Notes and Editorial Reviews
COLINA Baba Yaga, Fantasia for Violin and Orchestra.1 The Unbearable Lightness of Being.2 Quinta Del Sordo.2 Isles of Shoals3 • 1,2Ira Levin, cond; 3Ransom Wilson, cond; 1Anastasia Khitruk (vn); 3 ?ukasz D?ugosz
(fl); London SO • FLEUR DE SON 58018 (69:56)
This CD, entitled Baba Yaga, presents four works by Michael Colina, a composer formerly unknown to me. Aside from his classical training, Colina (according to the liner notes) has done something most composers have not, worked as a producer and recording engineer for such diverse musicians as Bob James, David Sanborn, Michael Becker, Bill Evans (the saxophonist, not the pianist), and Michael Franks. He has also worked with George Benson, James Taylor, Linda Ronstadt, and Bonnie Raitt, and written music for TV, film, theater, dance, and live concert performances. He has also won three Gold Records and three Grammys in the field of contemporary jazz; you can see he is a man who wears many hats.
As might be expected from such a background, Colina’s music is resolutely tonal. In fact, Baba Yaga so closely resembles a late-romantic Russian violin concerto that it might have been written by Glazunov or Rachmaninoff, despite the occasional veering into “sideways” tonalities that suggest a slightly more modern bent. But I must quickly add that this is good music—it is not “classics lite,” nor is it repetitive or predictable. Perhaps his jazz musician’s training has led him to insert moments of the unexpected into his scores; at any rate, the opening movement of Baba Yaga, titled “Vasalisa,” is based on the legend of a young woman who lives with a wicked stepmother and stepsisters who throw her into the woods to be eaten by the evil Baba. After a lyrical beginning, the music soon moves into a brief explosive outburst before returning to the rather serene solo violin. Our soloist, Khitruk, has a somewhat edgy tone but excellent technique and, more importantly, excellent emotional expression (though her photo in the booklet has a curiously zombie-like appearance). There was one moment when the music relaxes and soft brasses and winds play behind the soloist when I felt the music was going in a movie-music direction, but once again Colina pulls it out of this somewhat sugary morass. The ensuing violin solo, played a cappella, has an interesting edgy quality about it, which Khitruk elicits perfectly, moving from a long-held trill to staccato articulations, after which the orchestra reenters and builds to yet another loud climax.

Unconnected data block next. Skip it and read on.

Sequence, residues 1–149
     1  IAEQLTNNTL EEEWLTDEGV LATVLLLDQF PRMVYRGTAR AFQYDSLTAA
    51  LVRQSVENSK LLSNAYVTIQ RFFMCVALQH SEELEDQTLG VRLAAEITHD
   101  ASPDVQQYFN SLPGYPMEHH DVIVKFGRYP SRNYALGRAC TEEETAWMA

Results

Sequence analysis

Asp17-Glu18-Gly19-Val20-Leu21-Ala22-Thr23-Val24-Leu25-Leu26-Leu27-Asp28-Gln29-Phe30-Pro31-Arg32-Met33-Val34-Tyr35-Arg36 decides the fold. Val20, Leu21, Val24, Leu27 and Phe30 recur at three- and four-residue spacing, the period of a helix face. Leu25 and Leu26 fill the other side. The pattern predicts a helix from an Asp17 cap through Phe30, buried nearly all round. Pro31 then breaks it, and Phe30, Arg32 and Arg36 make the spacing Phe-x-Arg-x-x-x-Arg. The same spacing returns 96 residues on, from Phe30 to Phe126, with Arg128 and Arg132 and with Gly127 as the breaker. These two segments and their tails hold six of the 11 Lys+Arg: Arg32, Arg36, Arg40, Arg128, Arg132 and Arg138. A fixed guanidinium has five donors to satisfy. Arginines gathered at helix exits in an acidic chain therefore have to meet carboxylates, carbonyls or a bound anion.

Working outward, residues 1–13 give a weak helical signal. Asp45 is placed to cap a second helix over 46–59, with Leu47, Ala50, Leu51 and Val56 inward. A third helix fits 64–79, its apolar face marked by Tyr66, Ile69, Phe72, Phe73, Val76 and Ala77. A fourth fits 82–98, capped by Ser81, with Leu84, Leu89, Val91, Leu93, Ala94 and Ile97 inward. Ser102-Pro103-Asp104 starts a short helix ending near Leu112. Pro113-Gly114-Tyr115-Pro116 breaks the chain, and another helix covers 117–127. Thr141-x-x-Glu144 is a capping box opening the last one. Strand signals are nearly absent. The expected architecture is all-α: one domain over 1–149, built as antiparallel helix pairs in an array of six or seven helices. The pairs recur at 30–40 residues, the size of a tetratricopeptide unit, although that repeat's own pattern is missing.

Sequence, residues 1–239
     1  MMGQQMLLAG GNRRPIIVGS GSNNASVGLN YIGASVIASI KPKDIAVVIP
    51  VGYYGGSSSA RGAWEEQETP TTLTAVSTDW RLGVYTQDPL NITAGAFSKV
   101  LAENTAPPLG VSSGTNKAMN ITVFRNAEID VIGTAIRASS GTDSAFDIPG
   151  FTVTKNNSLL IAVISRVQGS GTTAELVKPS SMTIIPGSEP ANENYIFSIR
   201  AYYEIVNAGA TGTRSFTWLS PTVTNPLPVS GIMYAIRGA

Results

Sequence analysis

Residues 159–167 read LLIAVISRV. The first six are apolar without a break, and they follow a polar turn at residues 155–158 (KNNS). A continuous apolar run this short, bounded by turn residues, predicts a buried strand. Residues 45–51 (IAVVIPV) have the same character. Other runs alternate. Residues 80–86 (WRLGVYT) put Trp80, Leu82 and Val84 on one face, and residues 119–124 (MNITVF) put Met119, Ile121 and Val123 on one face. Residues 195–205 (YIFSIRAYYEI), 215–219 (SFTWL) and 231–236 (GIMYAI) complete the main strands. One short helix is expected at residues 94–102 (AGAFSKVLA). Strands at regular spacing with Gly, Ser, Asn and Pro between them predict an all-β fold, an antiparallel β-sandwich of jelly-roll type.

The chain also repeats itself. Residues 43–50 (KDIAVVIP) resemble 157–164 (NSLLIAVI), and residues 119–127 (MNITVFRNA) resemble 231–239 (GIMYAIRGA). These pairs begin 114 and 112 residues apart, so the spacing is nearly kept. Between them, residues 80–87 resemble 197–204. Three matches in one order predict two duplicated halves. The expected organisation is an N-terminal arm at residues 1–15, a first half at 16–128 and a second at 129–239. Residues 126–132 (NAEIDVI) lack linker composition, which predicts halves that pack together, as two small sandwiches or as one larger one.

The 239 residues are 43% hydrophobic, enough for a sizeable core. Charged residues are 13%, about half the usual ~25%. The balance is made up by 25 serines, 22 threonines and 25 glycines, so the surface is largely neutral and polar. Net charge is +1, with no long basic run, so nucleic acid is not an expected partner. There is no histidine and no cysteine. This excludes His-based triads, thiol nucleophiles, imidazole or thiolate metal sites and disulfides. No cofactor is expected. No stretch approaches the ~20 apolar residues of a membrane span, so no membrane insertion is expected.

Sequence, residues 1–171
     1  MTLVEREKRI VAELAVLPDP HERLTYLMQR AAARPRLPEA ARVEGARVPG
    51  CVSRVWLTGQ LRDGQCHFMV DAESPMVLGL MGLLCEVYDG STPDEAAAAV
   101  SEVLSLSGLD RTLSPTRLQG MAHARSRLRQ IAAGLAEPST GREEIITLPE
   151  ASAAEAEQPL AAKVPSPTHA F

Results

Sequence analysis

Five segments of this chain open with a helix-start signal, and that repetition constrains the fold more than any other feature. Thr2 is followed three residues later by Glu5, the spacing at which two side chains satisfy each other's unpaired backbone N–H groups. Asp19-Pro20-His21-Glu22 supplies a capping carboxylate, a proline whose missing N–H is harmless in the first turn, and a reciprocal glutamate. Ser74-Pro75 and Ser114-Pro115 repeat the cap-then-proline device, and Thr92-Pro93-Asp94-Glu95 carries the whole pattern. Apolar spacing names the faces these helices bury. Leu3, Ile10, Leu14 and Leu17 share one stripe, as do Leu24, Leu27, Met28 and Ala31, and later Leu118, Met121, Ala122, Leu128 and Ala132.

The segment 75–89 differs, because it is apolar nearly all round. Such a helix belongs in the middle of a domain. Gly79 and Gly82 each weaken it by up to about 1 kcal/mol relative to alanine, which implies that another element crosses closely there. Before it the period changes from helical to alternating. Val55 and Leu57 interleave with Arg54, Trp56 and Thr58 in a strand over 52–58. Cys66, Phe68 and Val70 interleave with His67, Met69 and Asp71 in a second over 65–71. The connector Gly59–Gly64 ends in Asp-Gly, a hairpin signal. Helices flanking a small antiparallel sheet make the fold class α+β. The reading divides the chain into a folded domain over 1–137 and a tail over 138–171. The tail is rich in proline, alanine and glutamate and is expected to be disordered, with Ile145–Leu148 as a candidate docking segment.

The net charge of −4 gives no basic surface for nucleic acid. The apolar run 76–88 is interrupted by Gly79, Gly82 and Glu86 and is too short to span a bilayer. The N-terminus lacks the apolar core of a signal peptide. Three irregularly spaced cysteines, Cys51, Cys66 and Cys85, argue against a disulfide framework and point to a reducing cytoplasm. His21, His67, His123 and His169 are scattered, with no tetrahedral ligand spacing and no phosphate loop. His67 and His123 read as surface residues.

The second movement, “Hut with fowl’s legs,” depicts our intrepid heroine Vasalina (no relationship to petroleum jelly) in her encounter with Baba Yaga. Thanks to a magic doll given to her by her birth mother, Vasalina wins Baba’s respect and even the gift of a skull with burning eye sockets which, when she returns home, burns up the wicked stepfamily. This movement is, naturally, rather more dramatic than the first. The melodic fragments are more terse and compact; themes quickly juxtapose themselves against each other and build, again, into an emotional violin solo and then into a sort of eerie scherzo with the orchestra somewhat reminiscent of tone poems by Dvo?ák.